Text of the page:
The Australian Bureau of Statistics has released information about rental costs as revealed through the last Census. This information shows the weekly costs of rent of family households and lone-person households against the weekly gross (i.e. before tax) household income. The information is derived from specific questions on the Census form that ask about housing cost, tenure type (renting, buying or owned) and the gross individual income of those present in the house in which they were counted.
Quality and Applicability
Rental costs data rely on respondents providing details of the weekly gross income of individual members of the household and the weekly cost of rent, with many electing not to provide one or both sets of information. Data compiled are therefore only broadly indicative of housing rental costs within a given area.
Households are considered to be in financial stress if they pay more than 30.0% of their gross income on housing costs and are in the lowest 40.0% of the income distribution range. Housing stress is strongly concentrated in the private rental segment especially amongst tenants who are permanent renters and who face barriers to affordable housing options. Information about rental costs is useful if you want to know the numbers of households likely to be experiencing financial stress in a given area – especially in areas with high proportions of renting households. Financial stress can also be experienced by non-renting households – most notably those with high housing loan repayments relative to gross household income.
Information about rental costs is available for local government areas, statistical local areas, suburbs, and collector districts.
Collector districts are the smallest spatial units under the Australian Standard Geographical Classification system used by the Australian Bureau of Statistics. Collector districts enable the collection and dissemination of Census data. Statistical local areas fit into the boundaries of incorporated bodies of local government (i.e. local government areas) when aggregated.
Information about rental costs refers to 8 August 2006, the most recent Census.
The Australian Bureau of Statistics progressively released all standard data sets based on the 2006 Census during 2007.
Information about rental costs is contained in the Expanded Community Profile Cat. No. 2005.0 2006 Tables X20 and X21. Select the ‘Community Profiles’ function to search for an area by name then open its Expanded Community Profile.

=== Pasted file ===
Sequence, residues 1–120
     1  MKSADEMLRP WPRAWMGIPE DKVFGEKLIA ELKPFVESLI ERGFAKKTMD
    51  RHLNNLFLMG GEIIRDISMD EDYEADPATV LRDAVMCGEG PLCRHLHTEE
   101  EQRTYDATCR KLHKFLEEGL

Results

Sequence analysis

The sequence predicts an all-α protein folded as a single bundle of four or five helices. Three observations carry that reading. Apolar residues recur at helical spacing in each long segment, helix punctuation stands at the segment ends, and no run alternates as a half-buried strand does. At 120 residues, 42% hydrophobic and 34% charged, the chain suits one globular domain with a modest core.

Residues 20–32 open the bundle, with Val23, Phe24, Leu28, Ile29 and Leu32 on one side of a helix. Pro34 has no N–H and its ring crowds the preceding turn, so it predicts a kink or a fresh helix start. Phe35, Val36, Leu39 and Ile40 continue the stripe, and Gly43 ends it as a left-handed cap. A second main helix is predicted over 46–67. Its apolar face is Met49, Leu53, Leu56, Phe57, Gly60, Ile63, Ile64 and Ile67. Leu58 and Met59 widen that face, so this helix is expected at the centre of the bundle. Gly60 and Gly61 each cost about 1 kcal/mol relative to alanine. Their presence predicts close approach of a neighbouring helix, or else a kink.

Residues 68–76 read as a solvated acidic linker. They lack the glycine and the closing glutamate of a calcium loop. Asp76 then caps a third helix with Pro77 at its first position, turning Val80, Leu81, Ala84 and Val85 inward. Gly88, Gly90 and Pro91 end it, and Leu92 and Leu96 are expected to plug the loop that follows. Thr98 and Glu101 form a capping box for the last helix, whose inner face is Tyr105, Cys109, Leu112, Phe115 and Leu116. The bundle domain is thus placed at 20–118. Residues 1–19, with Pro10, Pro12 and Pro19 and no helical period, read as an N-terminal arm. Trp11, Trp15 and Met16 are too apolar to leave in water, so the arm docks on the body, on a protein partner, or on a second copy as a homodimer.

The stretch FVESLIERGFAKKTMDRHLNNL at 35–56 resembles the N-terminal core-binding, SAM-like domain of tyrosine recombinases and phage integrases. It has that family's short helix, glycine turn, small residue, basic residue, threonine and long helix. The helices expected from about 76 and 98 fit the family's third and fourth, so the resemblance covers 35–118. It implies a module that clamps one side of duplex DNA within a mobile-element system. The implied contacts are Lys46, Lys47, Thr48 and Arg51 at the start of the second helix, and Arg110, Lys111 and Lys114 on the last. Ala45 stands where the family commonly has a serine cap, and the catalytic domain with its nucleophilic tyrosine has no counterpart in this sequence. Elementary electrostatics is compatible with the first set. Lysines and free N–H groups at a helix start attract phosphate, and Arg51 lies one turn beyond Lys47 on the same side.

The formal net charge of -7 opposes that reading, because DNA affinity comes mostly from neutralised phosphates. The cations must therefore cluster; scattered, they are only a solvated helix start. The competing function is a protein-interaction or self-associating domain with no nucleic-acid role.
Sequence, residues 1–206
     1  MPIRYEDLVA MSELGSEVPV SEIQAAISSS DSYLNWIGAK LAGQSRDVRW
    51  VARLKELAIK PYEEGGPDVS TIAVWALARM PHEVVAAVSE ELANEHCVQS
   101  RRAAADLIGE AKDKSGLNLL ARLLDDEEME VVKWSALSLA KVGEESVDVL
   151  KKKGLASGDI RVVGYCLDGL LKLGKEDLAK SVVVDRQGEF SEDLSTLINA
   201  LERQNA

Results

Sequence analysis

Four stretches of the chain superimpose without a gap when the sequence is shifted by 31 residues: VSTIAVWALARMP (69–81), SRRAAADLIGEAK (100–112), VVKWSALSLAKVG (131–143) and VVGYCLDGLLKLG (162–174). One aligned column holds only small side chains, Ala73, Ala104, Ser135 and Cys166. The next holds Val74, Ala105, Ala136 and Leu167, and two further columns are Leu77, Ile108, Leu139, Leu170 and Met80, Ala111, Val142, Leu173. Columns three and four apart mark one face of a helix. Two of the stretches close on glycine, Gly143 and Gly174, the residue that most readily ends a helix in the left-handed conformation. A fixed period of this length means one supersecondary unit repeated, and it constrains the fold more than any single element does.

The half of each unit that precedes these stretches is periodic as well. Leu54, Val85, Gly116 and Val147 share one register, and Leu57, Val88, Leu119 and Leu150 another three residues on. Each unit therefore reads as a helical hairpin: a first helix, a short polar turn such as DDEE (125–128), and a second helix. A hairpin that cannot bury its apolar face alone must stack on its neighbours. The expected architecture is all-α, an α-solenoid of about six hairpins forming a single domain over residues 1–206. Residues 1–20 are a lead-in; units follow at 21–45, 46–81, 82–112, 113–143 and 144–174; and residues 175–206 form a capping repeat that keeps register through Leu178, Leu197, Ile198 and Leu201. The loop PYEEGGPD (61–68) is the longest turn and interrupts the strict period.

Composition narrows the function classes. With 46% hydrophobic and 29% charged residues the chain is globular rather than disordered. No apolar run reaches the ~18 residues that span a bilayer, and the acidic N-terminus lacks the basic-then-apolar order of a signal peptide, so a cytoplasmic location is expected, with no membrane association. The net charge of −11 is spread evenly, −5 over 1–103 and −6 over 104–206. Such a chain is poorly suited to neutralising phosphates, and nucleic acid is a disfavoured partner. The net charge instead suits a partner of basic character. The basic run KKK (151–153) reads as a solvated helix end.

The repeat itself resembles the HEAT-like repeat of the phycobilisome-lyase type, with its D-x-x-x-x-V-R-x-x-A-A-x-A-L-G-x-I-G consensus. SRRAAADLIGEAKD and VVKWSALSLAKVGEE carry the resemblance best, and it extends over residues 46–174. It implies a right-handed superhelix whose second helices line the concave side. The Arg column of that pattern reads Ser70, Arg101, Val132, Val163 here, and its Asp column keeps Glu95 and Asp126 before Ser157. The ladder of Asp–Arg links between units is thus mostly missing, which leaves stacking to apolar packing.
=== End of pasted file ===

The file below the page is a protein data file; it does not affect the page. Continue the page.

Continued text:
Cost and Format
Australian Bureau of Statistics data sets are downloadable free of charge in excel spreadsheet format.
Additional Data Source(s)
Information about rental costs is available through profile.id, an online product designed to support local government planning and accessible through council websites. Go to your council website, search for community profiles, and click on ‘How Do We Live/How Much Do We Pay on Our Housing Rental’ to generate reports based on the last Census. Reports are available for local government areas and smaller areas (e.g. suburbs). More on profile.id.
The Victorian Local Governance Association has an online library of social statistics that includes estimates of renting households likely to be experiencing financial stress because of gross household incomes of less than 30.0% of the Victorian median gross household income. Estimates are for the following household types: couples with children, couples without children, lone-parent, and lone-person. Estimates are based on figures from the last Census.
The Victorian Local Governance Association online library of social statistics also has information about the median rent paid for a range of dwellings (e.g. one-bedroom flat, two-bedroom house) in local government areas and suburbs. Figures are available for the most recent quarter and are based on data from the Office of Housing, Department of Human Services.
The Office of Housing, Department of Human Services, releases a quarterly rental report with estimates of rental affordability in local government areas. The calculations for rental affordability are based on the number of suitably sized private rental properties that cost within 30.0% of gross income for low income households – those receiving Centrelink benefits. The information contained in the reports shows the number of affordable properties and the percentage of rental properties this number represents in a given area.